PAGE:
Men and women have contradictory approaches to handling stressful situations. Professors at USC conducted a study that found that men and women’s brains function differently while undergoing stress. While anxious women crave emotional support, stressed men distance themselves socially.
This study indicates that experiencing an acute stressor affects subsequent activity and interactions in brain regions involved in decoding and interpreting others’ facial expressions in opposite ways for men and women.To study gender’s effects on stress, researchers recruited about 50 subjects. Half of the subjects put their hands in ice-cold water for up to three minutes in order to create both a high-stress and low-stress group. Researchers then measured their saliva’s cortisol levels to verify their stress levels. All of the subjects then looked at a series of photos featuring strangers’ faces with a variety of emotional expressions. Subjects were told to identity each person’s gender, but meanwhile the researchers monitored the participants’ brain activity to determine whether the part of the brain that deduces facial expressions was also being put to use.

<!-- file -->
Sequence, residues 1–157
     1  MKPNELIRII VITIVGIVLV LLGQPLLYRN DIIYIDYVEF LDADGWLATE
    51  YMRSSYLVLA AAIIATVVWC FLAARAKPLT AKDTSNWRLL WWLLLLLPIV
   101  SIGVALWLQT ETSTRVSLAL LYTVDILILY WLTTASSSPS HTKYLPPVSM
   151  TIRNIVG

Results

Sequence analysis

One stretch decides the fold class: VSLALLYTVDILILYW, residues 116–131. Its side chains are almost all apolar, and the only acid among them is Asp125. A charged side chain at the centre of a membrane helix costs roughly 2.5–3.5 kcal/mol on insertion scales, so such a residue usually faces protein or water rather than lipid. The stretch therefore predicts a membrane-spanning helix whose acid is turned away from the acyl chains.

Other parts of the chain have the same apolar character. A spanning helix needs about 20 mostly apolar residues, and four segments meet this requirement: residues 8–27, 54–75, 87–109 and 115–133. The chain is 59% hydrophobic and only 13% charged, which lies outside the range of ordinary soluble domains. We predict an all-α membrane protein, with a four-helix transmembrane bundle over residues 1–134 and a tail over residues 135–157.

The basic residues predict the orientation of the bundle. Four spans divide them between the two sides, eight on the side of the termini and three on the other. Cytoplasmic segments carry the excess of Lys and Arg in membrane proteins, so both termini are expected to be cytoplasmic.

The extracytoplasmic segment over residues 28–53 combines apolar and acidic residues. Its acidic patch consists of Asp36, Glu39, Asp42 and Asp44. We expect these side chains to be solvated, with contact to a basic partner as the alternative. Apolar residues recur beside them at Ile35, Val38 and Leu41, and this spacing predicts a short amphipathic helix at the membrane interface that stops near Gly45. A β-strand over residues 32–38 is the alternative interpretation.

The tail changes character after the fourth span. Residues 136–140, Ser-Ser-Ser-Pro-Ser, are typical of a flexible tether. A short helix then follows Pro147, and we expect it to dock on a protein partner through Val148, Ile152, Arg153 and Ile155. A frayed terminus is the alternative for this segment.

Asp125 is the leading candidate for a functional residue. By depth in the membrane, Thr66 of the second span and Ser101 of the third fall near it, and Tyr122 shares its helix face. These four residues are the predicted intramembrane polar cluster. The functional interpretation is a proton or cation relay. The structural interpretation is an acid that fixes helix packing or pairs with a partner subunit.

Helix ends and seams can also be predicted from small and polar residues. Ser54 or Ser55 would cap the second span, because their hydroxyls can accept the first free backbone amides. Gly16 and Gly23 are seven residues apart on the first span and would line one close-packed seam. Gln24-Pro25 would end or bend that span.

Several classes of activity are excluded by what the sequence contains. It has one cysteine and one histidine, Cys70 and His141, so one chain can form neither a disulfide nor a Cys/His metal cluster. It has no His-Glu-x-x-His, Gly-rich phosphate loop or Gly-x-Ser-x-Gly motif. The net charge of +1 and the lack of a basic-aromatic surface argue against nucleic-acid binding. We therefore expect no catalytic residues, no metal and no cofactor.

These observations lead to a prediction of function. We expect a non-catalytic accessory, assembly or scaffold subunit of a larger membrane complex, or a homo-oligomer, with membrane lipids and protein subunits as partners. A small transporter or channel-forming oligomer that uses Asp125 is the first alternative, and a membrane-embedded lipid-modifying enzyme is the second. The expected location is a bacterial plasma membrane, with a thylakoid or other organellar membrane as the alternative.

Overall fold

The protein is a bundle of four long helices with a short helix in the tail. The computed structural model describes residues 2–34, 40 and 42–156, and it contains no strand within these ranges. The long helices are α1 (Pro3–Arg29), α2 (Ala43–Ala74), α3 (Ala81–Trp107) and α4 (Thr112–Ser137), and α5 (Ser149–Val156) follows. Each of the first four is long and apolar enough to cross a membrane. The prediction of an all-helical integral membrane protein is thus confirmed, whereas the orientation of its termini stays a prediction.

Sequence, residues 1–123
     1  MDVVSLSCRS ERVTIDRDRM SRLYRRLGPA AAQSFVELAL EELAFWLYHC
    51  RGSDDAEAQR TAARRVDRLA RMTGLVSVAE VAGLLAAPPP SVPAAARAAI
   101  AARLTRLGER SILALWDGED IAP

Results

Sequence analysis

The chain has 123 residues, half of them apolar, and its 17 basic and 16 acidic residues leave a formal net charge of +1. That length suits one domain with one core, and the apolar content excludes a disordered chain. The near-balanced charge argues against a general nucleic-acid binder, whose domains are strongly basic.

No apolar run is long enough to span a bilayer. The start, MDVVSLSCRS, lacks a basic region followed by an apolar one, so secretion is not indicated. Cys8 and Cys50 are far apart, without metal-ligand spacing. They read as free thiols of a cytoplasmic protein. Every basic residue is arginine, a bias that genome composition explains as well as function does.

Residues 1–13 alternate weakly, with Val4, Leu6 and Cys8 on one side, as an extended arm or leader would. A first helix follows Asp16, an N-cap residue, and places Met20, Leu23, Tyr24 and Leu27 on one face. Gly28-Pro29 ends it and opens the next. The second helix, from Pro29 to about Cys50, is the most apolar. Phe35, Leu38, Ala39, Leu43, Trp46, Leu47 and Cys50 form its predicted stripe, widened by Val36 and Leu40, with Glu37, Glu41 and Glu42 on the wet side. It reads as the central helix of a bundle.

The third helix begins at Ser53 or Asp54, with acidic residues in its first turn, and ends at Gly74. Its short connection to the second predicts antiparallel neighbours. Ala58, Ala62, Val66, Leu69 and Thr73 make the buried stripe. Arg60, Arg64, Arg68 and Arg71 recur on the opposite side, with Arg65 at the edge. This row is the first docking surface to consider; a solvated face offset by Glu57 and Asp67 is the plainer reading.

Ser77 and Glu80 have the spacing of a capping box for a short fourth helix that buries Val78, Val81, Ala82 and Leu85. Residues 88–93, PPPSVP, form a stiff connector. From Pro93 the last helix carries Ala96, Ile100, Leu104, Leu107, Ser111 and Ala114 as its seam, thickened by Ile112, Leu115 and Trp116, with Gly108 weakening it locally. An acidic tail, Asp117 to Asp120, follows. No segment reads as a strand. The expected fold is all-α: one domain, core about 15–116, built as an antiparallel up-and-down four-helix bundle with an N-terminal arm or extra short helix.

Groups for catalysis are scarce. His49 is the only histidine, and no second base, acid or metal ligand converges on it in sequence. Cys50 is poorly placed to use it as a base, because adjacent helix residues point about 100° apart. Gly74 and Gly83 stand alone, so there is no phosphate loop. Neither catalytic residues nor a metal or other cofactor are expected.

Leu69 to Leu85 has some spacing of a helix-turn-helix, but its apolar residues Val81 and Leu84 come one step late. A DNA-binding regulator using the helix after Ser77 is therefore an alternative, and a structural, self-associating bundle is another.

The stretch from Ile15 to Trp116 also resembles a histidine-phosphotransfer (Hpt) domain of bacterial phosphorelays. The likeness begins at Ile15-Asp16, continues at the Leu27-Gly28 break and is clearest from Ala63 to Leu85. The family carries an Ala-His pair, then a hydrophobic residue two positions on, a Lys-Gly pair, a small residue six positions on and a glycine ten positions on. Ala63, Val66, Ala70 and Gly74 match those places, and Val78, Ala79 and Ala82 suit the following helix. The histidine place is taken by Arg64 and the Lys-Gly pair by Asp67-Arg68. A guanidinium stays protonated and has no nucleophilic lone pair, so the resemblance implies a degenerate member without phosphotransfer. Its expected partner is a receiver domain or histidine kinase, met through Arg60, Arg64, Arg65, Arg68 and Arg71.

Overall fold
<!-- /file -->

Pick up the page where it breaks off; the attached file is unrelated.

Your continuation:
According to the researchers, “This study indicates that experiencing an acute stressor affects subsequent activity and interactions in brain regions involved in decoding and interpreting others’ facial expressions in opposite ways for men and women.”
This brain readings showed that the stressed women became hyperaware of the facial emotions. More than the men, stressed women were particularly sensitive to the pictures with someone frowning. On the other hand, the stressed men showed lower brain attention given to the photos’ facial expressions. Apparently, male stress overrides men’s ability to adequately pay attention to others’ emotions.
In addition to identifying these emotional differences, the professors found that that stress and sex did not affect the participants’ abilities to identify each picture’s gender. The four subgroups answered these questions uniformly with 96 percent accuracy. Moreover, all four of the groups scored similarly on a subsequent memory task involving the faces, suggesting that gender and stress level do not have a significant influence on one’s memory.
Although men and women might become stressed out by the same factors, their brains react differently. Now, there is scientific research to support the notion that women are socially needy when anxious, while men disengage emotionally.